The sum of us, not just some of us
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TorahParshat Pinchas

The sum of us, not just some of us

Numbers 25:10 – 30:1

(File photo)
(File photo)

Perhaps you remember Census 2020 — the arguments about citizenship questions and deadlines, enumerators and computer forms, congressional districts and federal funding. It seems like a lifetime ago because of COVID and yet the results will guide us for the next 10 years, until we get to Census 2030 as mandated by the Constitution.

In this week’s Torah portion, Pinchas, we again turn our attention to a census of ancient Israel. This is the fifth of 10 censuses the People of Israel will take in the ancient world:

On 10 occasions were Israel counted:
• Once when they went down to Egypt (Genesis 46:27)
• A second time when they came out (Exodus 12:37)
• A third time after the incident of the Golden Calf (Exodus 30:12)
• Twice in the Book of Numbers:
– Once in connection with the formation of the camps (Numbers 1)
– and once in connection with the division of the land (Numbers 26)
• Twice in the days of Saul
(1 Samuel 11:8, 15:4)
• The eighth time in the days of David (2 Samuel 24:9)
• The ninth time in the days of Ezra (Ezra 2:64; Nehemiah 7:66)
• The 10th time will be in the future era of the Messiah, when, [as Jeremiah said:] “The sheep shall pass again under the hands of one who counts them [said the Eternal].” (Jeremiah 33:13)
— Numbers Rabbah 2:11

We know that there are practical reasons for all this counting. Knowing how many people live in our community both today and in the ancient world affords us the data we need to feed and care for the most vulnerable, to assure the rights and responsibilities of community and to prepare for a future of abundance for the sum of us rather than just for some of us. According to Rabbi Lord Jonathan Sacks, z’l, there is an additional reason why counting must happen from a spiritual perspective:

“A Divine census is utterly different [than a human census]. It has nothing to do with strength-in-numbers. It has to do, instead, with conveying to every member of the nation that he or she counts; that every person, family, household is held precious by God; that distinctions between great and small, ruler and ruled, leader and led, are irrelevant; that we are each God’s image and the object of His love. A Divine census is, as Rashi says, a gesture of endearment. That is why it cannot be described by the usual verbs of counting — limnot, lifkod, lispor, lachshov. Only the phrase naso/se’u et rosh, ‘lift the head,’ does justice to this kind of enumeration, in which those entrusted with the task are commanded to ‘lift the head’ of those they count, making every individual stand tall in the knowledge that they are loved, cherished, held special by God, and not merely a number, a cipher, among the thousands and millions.”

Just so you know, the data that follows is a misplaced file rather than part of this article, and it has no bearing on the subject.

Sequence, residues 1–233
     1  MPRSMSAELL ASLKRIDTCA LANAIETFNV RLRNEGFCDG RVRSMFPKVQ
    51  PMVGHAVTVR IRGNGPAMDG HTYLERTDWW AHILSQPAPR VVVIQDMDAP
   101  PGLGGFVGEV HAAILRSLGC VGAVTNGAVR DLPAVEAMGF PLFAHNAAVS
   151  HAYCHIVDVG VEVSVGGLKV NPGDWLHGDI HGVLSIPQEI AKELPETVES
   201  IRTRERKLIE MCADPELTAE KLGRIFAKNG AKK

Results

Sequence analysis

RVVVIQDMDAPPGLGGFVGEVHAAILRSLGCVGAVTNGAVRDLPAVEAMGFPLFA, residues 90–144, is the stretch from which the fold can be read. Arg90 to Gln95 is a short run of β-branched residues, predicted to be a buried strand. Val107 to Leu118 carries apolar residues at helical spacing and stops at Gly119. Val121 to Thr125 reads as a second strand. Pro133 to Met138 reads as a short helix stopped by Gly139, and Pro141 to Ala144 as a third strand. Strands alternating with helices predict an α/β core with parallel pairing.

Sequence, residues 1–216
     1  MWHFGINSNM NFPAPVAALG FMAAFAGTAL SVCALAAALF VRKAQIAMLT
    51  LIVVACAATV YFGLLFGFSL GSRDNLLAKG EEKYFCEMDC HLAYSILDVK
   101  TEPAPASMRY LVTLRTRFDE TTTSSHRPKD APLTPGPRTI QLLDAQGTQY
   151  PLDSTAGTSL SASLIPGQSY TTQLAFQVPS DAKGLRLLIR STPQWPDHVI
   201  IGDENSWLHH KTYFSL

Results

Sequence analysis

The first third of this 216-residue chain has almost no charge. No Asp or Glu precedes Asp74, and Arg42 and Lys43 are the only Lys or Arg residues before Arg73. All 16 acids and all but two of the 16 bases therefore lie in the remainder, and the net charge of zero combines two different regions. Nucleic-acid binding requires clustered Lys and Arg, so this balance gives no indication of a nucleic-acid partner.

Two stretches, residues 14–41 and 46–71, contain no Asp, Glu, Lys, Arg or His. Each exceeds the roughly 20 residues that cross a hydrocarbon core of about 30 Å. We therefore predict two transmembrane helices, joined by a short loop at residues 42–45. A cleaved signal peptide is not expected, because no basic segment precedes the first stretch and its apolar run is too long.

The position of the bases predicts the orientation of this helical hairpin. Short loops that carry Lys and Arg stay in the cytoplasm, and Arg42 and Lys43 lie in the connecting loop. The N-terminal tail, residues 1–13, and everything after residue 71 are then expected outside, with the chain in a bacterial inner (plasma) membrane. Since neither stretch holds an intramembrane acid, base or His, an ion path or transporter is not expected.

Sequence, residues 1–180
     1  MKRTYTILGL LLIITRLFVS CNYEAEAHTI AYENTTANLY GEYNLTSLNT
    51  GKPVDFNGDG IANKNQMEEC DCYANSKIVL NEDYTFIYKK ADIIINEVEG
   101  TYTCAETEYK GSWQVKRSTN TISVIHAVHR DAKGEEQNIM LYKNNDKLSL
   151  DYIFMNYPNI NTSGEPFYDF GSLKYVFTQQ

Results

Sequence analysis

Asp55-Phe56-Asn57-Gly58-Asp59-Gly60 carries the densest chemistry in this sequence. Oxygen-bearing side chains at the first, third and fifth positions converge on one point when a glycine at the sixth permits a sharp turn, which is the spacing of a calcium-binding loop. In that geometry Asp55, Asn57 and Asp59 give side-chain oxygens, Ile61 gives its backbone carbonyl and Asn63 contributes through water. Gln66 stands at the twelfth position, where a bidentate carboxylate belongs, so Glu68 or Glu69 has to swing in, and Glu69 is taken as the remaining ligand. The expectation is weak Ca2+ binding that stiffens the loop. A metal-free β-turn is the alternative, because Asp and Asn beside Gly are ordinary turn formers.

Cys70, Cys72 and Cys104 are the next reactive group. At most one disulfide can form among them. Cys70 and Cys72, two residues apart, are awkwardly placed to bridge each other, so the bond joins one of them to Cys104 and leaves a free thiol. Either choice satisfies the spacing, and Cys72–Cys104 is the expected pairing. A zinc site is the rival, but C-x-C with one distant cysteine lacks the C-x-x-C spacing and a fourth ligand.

— “What Counts,” outorah.org/p/800/

This is why we are proud of the Census 2020 work we did through the Center for Loving Kindness of the Jewish Community Center of Greater Pittsburgh. We spent two years strategizing with more than 200 municipal, for-profit and not-for-profit partners, to ensure that the count would be complete — especially including our immigrant, elderly, college students, people of color neighbors who are most likely to be undercounted. By all measures, we succeeded even with the challenges of COVID.

While we succeeded in our human census, the work of the Divine census must continue long after Census 2020 and long before Census 2030. We, not God, must continue the work with the same intentionality we applied to Census 2020.

In her most recent book, “The Sum of Us: What Racism Costs Everyone and How We Can Prosper Together,” Heather McGhee proves how the impact of racism costs all of us, not just those who are the object of racism. While she proposes the “solidarity dividend,” I suggested to her that we can nuance the phrase to be the “solidarity redemption.” You see, when the Hebrew slaves left Egypt some 3,000 years ago, we did not leave by ourselves. Without checking off a box on a form to see what race, ethnicity, gender identity, sexual identity, country of origin they were, a mixed multitude of people were a part of our “we.” All of us, the sum of us, made it through the plagues, got to the water’s edge, were confronted by Pharoah, marched through the mud, helped each other as we fell and rose together, and finally the sum of us, all of us, danced on the other shore of the sea as we continued our journeys through all the challenges of living together in community.

Our Center for Loving Kindness vision for Pittsburgh is that each and every one of us will be able to assess our local economic, housing, educational, employment, social, cultural, religious and health circumstances and wholeheartedly declare: “I belong to Pittsburgh. Pittsburgh belongs to me. We belong to each other.” We will state it because it will be true as a result of our shared efforts to help “…every individual stand tall in the knowledge that they are loved, cherished, held special by God, and not merely a number, a cipher, among the thousands and millions.”

It will be true because even though humans count humans, we will lift up every head so that we see our neighbors as “neighbors qua moral concept” and not just numbers. It is all about the sum of us, not just some of us. PJC

Rabbi Ron Symons is the senior director of Jewish life at the JCC of Greater Pittsburgh, where he is the founding director of the Center for Loving Kindness. This column is a service of the Greater Pittsburgh Rabbinic Association.

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